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If you are a manager or leader who thinks that team meetings are for cascades, you’re so 19th century.
Cascades are almost always a one-directional, keep-quiet-and-listen leadership practice that gives you the illusion that communication is taking place. Maybe it does but there’s a big—and risky—possibility that you and others in the team will come out of the interaction with different, even contrasting, interpretation. And you wonder why your people aren’t so engaged?
Open, two-way discussions during team huddles are the way to go. This approach fosters better working relationships within the team and helps improve employee engagement. There’s research to prove this.
The Watson Wyatt Communication Return-on-Investment (ROI) Study showed that firms that communicate effectively are:
- 20 percent more likely to report lower turnover rates,and
- 4 times more likely to report high levels of employee engagement than firms that communicate less effectively.
“Workers’ frustration with an absence of adequate communication is one of the most negative findings we see expressed on employee attitude surveys.” –David Sirota in the article “Why Employees Are Losing Motivation” published in the Harvard Management Update
A study of more than 1,400 leaders and managers by global consultancy Ken Blanchard Group supports this. The research showed 41 percent felt that inappropriate use of communication or listening was the biggest mistake leaders made when working with others.
So let’s avoid making that biggest mistake by improving our communication style. To start, here are seven questions to ask—and answer.
1. What’s the matter?
It’s not so much about how much you should say, but what your message really is. Sometimes we get lost in worrying about too much or too little information that we forget the key point. What’s your key message?
Managers are in the best position to put context and background to information for their team, to make sure that details are made relevant without losing the big picture. What does the information mean to your department?
2. So what?
The meat of the matter is essential, but have you communicated why your message is important? Some managers follow a 60-40 rule:
- spend 40 percent discussing the “what”
- the 60 percent discussing the “why”
The percentage doesn’t really matter; the point is not missing out on talking about “what’s in it for us?” Not doing so increases the risk of people speculating on the real reasons, or worse, concluding based on incomplete information.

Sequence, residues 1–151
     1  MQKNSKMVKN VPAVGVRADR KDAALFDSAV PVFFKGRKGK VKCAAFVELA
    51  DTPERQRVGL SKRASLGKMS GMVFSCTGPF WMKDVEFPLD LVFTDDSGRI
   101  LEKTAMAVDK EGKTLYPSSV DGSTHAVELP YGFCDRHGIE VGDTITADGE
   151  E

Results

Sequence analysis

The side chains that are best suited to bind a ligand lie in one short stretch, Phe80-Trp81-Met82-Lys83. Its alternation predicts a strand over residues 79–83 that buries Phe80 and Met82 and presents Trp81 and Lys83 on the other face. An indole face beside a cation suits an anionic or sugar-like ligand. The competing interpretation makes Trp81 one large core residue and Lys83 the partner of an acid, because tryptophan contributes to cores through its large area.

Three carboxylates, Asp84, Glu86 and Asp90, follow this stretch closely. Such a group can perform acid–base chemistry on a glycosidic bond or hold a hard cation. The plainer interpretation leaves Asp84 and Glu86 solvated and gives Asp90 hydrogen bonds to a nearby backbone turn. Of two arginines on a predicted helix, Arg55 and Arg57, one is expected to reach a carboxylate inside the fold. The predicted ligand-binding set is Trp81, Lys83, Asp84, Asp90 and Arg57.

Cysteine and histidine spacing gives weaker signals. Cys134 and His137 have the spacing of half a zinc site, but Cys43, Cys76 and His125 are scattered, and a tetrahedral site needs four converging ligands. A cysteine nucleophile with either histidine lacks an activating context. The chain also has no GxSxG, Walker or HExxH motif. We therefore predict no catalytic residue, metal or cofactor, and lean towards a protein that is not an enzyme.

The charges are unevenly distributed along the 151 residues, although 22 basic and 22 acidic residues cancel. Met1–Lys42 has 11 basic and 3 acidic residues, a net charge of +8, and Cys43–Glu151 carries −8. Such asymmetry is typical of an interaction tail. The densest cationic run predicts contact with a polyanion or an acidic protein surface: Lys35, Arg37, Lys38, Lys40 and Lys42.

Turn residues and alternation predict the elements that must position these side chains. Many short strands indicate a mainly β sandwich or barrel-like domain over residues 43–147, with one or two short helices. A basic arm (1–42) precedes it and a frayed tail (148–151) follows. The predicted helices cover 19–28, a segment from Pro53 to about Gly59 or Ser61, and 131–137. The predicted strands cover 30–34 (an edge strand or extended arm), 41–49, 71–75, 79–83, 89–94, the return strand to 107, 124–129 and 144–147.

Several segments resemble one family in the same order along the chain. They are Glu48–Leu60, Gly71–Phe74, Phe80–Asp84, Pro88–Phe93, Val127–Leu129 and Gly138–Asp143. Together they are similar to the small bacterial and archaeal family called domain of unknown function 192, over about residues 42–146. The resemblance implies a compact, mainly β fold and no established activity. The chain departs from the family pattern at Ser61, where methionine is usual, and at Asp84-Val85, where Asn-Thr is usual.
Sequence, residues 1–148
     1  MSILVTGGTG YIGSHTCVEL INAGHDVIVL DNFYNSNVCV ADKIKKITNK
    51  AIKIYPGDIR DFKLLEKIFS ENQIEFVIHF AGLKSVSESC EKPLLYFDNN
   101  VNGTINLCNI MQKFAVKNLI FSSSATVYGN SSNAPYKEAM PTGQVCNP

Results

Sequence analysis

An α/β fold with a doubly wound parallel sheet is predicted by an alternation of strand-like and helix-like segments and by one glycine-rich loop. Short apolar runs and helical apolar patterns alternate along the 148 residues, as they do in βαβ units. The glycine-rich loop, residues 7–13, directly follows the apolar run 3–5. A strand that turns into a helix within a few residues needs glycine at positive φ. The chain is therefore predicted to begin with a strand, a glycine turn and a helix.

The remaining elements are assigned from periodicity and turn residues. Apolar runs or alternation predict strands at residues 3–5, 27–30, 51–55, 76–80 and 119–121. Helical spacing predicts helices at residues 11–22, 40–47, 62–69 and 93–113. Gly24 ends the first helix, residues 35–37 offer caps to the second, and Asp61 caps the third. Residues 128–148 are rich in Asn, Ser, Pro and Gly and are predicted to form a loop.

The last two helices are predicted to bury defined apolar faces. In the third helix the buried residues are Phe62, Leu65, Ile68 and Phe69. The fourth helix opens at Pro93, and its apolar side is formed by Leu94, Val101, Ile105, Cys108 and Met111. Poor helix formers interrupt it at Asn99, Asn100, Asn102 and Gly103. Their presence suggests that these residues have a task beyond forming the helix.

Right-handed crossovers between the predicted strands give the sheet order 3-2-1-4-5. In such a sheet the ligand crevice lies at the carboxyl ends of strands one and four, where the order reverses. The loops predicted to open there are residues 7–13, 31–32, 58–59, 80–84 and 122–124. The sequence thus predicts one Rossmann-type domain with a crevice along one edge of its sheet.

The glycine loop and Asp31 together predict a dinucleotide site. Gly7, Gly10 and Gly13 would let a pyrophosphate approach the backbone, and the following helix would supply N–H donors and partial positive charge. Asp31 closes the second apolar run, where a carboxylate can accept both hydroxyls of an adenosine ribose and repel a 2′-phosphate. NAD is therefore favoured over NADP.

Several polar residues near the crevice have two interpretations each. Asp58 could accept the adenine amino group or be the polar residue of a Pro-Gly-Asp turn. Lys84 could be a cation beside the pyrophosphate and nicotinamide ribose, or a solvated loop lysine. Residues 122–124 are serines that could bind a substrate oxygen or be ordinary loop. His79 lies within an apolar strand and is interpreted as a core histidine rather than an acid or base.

Why is that action plan important? Why is the idea worth embracing? Why does the company need to focus on that strategy? Why that choice over another? Why now?
3. Now what?
We sometimes focus too much on the information that we forget what we want our people to do. Before starting out any communication activity, you can write on a piece of paper your central ideal statement separate from your results statement.
Central idea statement: “This (memo/speech/discussion) is about (your key message).”
Results statement: “After reading/hearing my (memo/speech/discussion), I want my staff to (what do you want them to do?).”
The American Management Association goes even further with its Results Matrix format:
- you first tell your people what you want them to know (facts),
- then what you want them to believe (beliefs),
- then what you want them to feel (emotions),
- and finish it with what you want them to do actively (actions).
4. Are you done yet?
One misconception in leadership communication is that managers must do all the talking. Please pass the mic, so to speak. Encourage your team to raise questions, voice their concerns, share with you their impressions, give you feedback. This is one way for you to know if they understood your key message and what you expect of them.
A team huddle, after all, must be a dialogue, a discussion, not a monologue. It’s not just information dissemination, but also facilitating common understanding in your team.
5. Can you really hear me?
Opening the lines for feedback or bottom-up communication is futile if you only pretend to listen or pretend to care about what your team shares. Such pretentious behavior shows no matter how much you play up the performance—your people can sense if you are merely hearing them out or really emphatically and actively listening to them.
Do you notice the nuances in the manner of speaking? Are they telling you something they aren’t openly saying? Do you notice the fear in the tone? What about the excitement in the voice? Do they look bored? Words are not your only best source for feedback.
6. Can you really hear yourself?
Being authoritative is necessary, but when you overdo it by talking down on your people or making them feel stupid, they might fight back by talking about you behind your back. You become tagged as the monster boss.
But who gives a damn about labels, right? We can be a monster, alien, ugly old wart all rolled into one, but we don’t really care because we know what we are mandated to do as leaders. The labels might seem harmless, but these are surface indicators of deep-seated issues with long-term effects: your people withdraw support, they avoid initiating, they clam up during discussions, they don’t give their all, they don’t give their best.
7. Say that again?
When there is inconsistency between what you say and your non-verbal cues, your people believe the nonverbal cues more than your verbal message. So mind your manner, or better yet, be transparent. People can see through lip service or trying to appear authentic, and result is: they lose trust in you. And we all know the result when trust is broken, so do we need to say more?
We can’t be perfect managers or leader, but we can be more effective communicators so we can better engage our team with our idea, action plan, decision, vision, and ultimately, with the organization.
So when is your next team huddle?